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The Skaggs Institute
for Chemical Biology

Scientific Report 2006

Viruses and Click Chemistry for Construction of Functional Nanoparticles

M.G. Finn, E. Kaltgrad, D. Prasuhn, V. Rodionov, E. Strable

Support from the Skaggs Institute has been crucial in the further development of virus particles as platforms for the display of biologically active structures. Three projects deserve special mention.

Mechanism of the Azide-Alkyne Cycloaddition Reaction

We have continued to develop the copper-catalyzed azide-alkyne cycloaddition reaction for bioconjugation; this process is now used by many laboratories around the world. However, further improvements are necessary to tackle the toughest problems of biomolecular construction. To achieve those improvements, we must understand in greater detail the mechanism of the reaction. In the first phase of these studies, we explored new sets of ligands that accelerate the reaction and determined the properties of the reaction involving those ligands. Improved conditions of buffer, catalyst concentration, and reducing agent and the outline of the reaction mechanism have been identified.

Virus-Carbohydrate Conjugates as Potential Vaccines

Carbohydrates are normally invisible to the immune system because of their natural presence in high concentration throughout the tissues. We previously showed that carbohydrates can be made antigenic when arrayed on viral capsids as carrier proteins, consistent with the hypothesis that attachment to the regular polyvalent surfaces of viruses allows the immune system to recognize the displayed structures as foreign. We have focused on the production of IgY antibodies in chickens, because these antibodies can be isolated in large quantities and are highly stable and bind tightly. In the past year, we completed a preliminary study of this process and found that highly selective antibody responses can be generated against several carbohydrates of biological importance. Figure 1 shows the structures involved, which either bind to receptors that are strongly upregulated in cancer cells, are produced in quantity exclusively by cancer cells, or are important in mediating adhesion of pathogens to target tissues. In each instance, the development of antibodies to the carbohydrate structures would be of great importance for diagnostic or therapeutic purposes. An example of the specificity of carbohydrate binding by the resulting antibodies is shown at the bottom of the Figure. These developments have been used by the Consortium for Functional Glycomics, which will disseminate the antibodies we make to interested laboratories within and external to Scripps Research.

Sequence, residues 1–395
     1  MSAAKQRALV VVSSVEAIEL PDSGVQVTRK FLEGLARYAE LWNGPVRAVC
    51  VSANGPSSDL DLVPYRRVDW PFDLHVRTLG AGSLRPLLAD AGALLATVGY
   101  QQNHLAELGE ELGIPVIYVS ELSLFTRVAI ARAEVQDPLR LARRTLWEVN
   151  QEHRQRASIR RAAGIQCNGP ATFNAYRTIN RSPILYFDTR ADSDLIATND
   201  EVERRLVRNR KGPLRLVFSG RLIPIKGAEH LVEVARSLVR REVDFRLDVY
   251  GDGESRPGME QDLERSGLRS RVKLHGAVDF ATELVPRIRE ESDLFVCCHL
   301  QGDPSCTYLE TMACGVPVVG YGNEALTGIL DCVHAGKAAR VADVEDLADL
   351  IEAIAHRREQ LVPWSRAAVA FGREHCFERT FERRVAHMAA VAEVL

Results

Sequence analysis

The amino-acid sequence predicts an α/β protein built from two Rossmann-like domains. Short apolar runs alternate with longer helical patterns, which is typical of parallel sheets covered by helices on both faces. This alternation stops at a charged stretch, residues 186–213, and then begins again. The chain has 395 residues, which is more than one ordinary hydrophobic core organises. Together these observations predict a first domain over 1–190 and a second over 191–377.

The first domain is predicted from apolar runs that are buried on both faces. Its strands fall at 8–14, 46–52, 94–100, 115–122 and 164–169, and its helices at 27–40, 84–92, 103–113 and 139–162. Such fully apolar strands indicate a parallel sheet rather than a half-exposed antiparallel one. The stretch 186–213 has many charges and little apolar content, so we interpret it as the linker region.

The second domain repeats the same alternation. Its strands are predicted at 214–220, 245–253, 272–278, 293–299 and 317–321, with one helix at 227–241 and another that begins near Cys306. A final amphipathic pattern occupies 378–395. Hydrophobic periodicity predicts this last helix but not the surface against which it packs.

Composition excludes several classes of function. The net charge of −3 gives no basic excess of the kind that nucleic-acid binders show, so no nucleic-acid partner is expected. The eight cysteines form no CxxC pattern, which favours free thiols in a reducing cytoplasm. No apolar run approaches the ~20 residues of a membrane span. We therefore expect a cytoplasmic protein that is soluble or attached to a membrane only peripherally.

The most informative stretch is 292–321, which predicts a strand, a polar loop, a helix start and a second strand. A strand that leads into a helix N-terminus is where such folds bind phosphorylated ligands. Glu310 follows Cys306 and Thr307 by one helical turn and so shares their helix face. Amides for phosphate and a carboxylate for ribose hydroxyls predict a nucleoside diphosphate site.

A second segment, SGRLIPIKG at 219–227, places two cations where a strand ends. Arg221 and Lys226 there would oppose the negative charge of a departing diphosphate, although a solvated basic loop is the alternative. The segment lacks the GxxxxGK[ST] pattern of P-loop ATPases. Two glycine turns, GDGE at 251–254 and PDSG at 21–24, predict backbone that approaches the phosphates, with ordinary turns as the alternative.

Fig. 1. Top, Structures of 4 carbohydrate-azides attached to cowpea mosaic virus and bacteriophage Qβ for immunogenicity studies in chickens. Bottom, Determination of the binding specificity of polyclonal IgY antibodies against the blood group A antigen attached to cowpea mosaic virus. Each vertical line represents the relative intensity of the binding of the antibodies to an individual carbohydrate arrayed on a glass slide. The results show a strong and specific response to blood group A and B antigens that is comparable to the performance that would be exhibited by a monoclonal antibody that is much more expensive and time-consuming to prepare.